Kasumi Book 2

When I read the first volume of this joint American-Japanese production, I thought it was ok. This installment, though, tries to do so much that what’s left is an overstuffed mess.

Kasumi Book 2 cover
Kasumi Book 2
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Each chapter takes on a different type of story, giving the book more multiple personalities than the United States of Tara. First, it’s a superhero rescue that becomes, once the heroine ridiculously knocks herself out, a mystical quest origin complete with talking tree. Next it’s school rivalry among a group of bad girls with spooky horror overtones, followed by romantic comedy (complete with chase scene and rival for lead’s attention) and then a mystery with kidnapping and theft. The remaining two chapters include body transformation, possession, attempted murder, and way too many new characters introduced but not used purposefully or to their potential.

Now, there’s something to be said for being aware of the cliches of one’s chosen genre, and there’s nothing wrong with bringing them up to comment on them or to make good use of them to do something different or even as a shortcut to your real story. But that’s not what’s happening here. This gives the impression of not having a reason beyond “oh, yeah, and I like manga that does this, too!” It feels like a young writer not sure how to craft her story, and the result is missing a strong vision and through-line. I was lost and confused, with the book’s environment shifting every half-chapter. If I liked something, too bad, because it was gone in a number of pages.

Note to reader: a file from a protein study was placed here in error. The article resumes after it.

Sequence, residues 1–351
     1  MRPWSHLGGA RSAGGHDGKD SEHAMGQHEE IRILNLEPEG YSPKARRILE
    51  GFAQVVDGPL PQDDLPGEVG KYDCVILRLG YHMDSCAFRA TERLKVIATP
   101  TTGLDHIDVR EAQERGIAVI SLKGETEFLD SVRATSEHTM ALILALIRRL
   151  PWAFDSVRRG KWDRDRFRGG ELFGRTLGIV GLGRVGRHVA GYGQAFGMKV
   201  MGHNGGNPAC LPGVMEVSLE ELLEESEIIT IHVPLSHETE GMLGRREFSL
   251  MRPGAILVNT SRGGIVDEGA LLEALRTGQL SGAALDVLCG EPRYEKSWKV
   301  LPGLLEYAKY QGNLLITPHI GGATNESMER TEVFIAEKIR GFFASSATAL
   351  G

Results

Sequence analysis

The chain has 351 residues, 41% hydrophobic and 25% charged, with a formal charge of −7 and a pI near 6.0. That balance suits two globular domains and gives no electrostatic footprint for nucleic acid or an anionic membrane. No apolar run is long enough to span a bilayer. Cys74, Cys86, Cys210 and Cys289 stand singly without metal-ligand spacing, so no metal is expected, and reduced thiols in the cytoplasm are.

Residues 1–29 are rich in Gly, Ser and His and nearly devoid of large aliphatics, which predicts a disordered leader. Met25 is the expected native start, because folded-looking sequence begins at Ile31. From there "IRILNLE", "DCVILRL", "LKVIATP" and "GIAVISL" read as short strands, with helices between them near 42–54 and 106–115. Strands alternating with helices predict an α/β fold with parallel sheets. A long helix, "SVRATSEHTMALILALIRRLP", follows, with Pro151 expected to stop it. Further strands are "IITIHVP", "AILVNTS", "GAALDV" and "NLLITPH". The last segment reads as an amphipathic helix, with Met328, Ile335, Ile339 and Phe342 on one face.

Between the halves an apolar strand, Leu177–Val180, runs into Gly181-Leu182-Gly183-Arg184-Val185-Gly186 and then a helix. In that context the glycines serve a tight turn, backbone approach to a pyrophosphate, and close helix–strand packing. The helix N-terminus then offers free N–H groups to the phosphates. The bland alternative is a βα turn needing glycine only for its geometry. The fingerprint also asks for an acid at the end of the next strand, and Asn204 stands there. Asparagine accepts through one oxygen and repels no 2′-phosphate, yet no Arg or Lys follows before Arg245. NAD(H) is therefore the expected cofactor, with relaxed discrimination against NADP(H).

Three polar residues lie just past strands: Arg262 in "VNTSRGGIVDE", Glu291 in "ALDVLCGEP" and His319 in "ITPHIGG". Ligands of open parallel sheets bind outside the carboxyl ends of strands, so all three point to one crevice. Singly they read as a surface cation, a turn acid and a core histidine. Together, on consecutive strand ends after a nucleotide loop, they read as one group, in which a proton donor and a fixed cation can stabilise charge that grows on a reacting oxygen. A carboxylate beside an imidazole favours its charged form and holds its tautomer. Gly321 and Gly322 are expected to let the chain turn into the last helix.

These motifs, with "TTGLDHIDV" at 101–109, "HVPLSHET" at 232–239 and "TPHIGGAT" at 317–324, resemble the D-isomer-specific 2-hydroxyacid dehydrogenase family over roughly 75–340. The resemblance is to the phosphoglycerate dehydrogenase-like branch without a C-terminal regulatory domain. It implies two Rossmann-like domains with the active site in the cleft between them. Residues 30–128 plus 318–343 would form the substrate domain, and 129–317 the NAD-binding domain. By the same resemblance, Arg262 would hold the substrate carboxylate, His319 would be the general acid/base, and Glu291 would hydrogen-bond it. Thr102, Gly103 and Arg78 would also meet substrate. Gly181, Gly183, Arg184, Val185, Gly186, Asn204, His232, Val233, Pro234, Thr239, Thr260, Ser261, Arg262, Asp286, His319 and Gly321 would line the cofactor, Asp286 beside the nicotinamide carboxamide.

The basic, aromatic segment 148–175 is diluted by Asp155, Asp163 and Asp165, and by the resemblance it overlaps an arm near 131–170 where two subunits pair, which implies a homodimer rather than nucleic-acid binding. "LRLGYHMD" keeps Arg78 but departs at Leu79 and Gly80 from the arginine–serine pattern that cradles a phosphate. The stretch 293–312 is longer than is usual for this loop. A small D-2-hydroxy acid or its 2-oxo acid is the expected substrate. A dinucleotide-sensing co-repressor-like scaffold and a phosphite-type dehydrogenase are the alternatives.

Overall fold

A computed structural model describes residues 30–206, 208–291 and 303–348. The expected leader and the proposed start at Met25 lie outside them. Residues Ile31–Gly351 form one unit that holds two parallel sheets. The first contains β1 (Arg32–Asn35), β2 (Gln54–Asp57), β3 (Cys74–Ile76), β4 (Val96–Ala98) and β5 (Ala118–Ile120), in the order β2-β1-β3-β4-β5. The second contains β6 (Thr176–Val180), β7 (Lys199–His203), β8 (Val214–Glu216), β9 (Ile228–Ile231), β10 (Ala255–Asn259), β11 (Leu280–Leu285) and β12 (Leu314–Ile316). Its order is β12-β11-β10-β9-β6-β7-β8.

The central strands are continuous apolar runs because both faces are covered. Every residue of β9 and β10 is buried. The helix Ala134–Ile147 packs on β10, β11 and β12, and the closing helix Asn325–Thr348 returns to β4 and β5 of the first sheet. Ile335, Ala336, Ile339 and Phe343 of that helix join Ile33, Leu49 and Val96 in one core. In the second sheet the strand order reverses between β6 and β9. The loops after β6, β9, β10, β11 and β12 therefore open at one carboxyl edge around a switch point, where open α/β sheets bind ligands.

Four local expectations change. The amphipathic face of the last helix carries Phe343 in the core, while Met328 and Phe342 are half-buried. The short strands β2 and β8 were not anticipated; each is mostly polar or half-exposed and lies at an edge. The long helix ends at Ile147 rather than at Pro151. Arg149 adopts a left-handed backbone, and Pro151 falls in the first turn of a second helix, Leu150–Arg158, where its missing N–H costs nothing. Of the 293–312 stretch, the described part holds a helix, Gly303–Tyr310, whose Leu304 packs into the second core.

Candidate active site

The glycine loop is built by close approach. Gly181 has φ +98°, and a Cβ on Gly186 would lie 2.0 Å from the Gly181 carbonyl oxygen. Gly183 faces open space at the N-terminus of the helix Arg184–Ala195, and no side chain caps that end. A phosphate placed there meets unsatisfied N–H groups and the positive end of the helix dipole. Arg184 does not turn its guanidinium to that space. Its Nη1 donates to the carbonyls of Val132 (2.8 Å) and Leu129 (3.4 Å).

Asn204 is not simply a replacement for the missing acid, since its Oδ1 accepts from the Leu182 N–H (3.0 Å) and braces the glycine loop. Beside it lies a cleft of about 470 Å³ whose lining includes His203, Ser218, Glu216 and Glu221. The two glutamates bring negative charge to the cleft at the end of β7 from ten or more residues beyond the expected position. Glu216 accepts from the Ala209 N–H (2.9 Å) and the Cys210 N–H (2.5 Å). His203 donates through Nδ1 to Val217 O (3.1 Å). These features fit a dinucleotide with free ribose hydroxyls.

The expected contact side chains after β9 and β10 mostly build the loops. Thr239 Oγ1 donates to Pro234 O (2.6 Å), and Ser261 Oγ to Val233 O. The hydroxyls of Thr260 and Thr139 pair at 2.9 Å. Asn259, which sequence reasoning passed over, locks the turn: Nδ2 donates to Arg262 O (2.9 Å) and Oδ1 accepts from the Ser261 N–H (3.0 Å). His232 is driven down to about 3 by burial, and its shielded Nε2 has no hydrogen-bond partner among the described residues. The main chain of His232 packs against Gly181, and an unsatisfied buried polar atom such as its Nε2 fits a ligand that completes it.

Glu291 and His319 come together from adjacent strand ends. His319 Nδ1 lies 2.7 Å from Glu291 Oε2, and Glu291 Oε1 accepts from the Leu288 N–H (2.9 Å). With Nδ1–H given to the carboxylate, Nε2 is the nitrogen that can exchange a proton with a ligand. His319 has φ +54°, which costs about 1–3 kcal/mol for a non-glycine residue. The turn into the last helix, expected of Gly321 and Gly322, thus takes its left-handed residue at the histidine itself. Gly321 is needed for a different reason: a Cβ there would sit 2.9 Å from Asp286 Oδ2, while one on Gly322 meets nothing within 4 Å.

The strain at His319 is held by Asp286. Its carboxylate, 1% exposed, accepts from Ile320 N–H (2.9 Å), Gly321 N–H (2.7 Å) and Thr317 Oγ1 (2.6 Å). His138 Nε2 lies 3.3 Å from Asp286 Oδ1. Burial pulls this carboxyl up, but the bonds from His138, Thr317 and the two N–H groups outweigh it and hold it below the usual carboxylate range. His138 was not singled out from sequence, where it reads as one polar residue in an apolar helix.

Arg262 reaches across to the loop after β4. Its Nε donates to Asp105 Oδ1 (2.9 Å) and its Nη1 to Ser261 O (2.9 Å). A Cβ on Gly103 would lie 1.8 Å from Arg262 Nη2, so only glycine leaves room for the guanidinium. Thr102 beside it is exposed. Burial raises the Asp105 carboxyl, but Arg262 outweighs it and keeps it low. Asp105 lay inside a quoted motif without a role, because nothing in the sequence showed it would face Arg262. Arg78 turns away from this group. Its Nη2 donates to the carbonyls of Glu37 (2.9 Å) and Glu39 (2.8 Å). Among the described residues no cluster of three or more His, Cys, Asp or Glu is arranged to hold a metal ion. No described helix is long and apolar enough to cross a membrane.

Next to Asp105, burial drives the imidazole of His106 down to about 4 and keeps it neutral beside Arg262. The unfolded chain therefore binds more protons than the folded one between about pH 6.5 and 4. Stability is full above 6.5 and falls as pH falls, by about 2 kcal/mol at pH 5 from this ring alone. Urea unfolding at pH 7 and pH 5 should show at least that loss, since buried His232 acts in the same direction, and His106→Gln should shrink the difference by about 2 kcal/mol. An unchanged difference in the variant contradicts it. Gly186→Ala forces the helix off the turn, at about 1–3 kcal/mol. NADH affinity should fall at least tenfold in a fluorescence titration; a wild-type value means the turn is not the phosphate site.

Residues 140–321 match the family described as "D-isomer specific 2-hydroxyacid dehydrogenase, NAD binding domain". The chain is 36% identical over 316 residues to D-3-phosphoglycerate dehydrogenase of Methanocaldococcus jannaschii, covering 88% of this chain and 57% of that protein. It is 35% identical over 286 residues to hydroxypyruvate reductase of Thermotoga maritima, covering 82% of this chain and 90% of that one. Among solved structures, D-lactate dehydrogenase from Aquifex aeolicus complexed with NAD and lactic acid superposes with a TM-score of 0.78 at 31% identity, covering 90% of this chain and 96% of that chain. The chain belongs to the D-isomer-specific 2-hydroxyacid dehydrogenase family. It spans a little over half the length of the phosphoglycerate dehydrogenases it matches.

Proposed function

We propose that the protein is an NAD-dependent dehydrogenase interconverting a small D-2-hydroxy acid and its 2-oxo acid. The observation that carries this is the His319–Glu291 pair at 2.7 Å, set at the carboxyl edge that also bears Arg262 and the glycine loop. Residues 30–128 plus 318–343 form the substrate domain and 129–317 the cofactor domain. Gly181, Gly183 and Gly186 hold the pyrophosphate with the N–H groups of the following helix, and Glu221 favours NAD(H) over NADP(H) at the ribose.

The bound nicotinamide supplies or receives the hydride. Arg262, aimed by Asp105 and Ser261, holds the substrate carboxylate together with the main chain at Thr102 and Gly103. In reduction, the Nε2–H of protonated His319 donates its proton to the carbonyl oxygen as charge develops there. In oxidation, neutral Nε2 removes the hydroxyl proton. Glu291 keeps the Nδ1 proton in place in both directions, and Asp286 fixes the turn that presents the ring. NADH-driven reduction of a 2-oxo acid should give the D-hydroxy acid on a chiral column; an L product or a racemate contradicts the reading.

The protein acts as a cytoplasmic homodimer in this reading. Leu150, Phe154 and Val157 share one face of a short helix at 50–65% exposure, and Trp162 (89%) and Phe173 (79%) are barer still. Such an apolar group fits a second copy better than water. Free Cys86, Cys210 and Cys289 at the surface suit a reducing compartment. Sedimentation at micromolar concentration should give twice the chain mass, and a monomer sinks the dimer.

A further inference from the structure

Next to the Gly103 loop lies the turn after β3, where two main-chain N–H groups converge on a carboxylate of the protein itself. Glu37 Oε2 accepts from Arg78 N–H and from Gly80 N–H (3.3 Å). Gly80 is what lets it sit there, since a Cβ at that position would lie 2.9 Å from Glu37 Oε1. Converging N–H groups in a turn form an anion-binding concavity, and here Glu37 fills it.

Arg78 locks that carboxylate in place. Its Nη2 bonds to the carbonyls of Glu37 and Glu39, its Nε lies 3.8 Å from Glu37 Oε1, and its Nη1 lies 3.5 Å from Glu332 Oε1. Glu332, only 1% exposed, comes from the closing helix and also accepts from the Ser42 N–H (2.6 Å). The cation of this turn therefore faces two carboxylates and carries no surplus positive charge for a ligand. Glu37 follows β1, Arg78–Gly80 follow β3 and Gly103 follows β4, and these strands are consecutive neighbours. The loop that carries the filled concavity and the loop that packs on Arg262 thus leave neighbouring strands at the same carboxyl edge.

The art is similarly overdone. There’s no white space on most pages, leaving no room for the eye to relax. While that’s a pleasant change from artists who draw no backgrounds at all, at times, I had trouble figuring out what I was supposed to be seeing, especially in scenes of action. And the towel that the lead character is supposedly wrapped in all through the first chapter looks nothing like one. Instead, it looks as though she’s wearing a poodle skin made of cotton candy. Plus, all the girls look alike, except for hairstyle, with cute, almost-alien nose-less faces.

The original concept of this book was a girl who liked magic tricks finding out she could turn invisible. This time, there’s no mention whatsoever of her hobby, and all this other junk has been bolted onto the story in random directions. If the series returned to its core story, I’d be interested in reading more, but now, there’s too much going on. It’s anti-synergy: together, it’s less than the sum of its parts, although bursting at the seams, and the result is incoherent.

(A complimentary copy for this review was provided by the publisher.)

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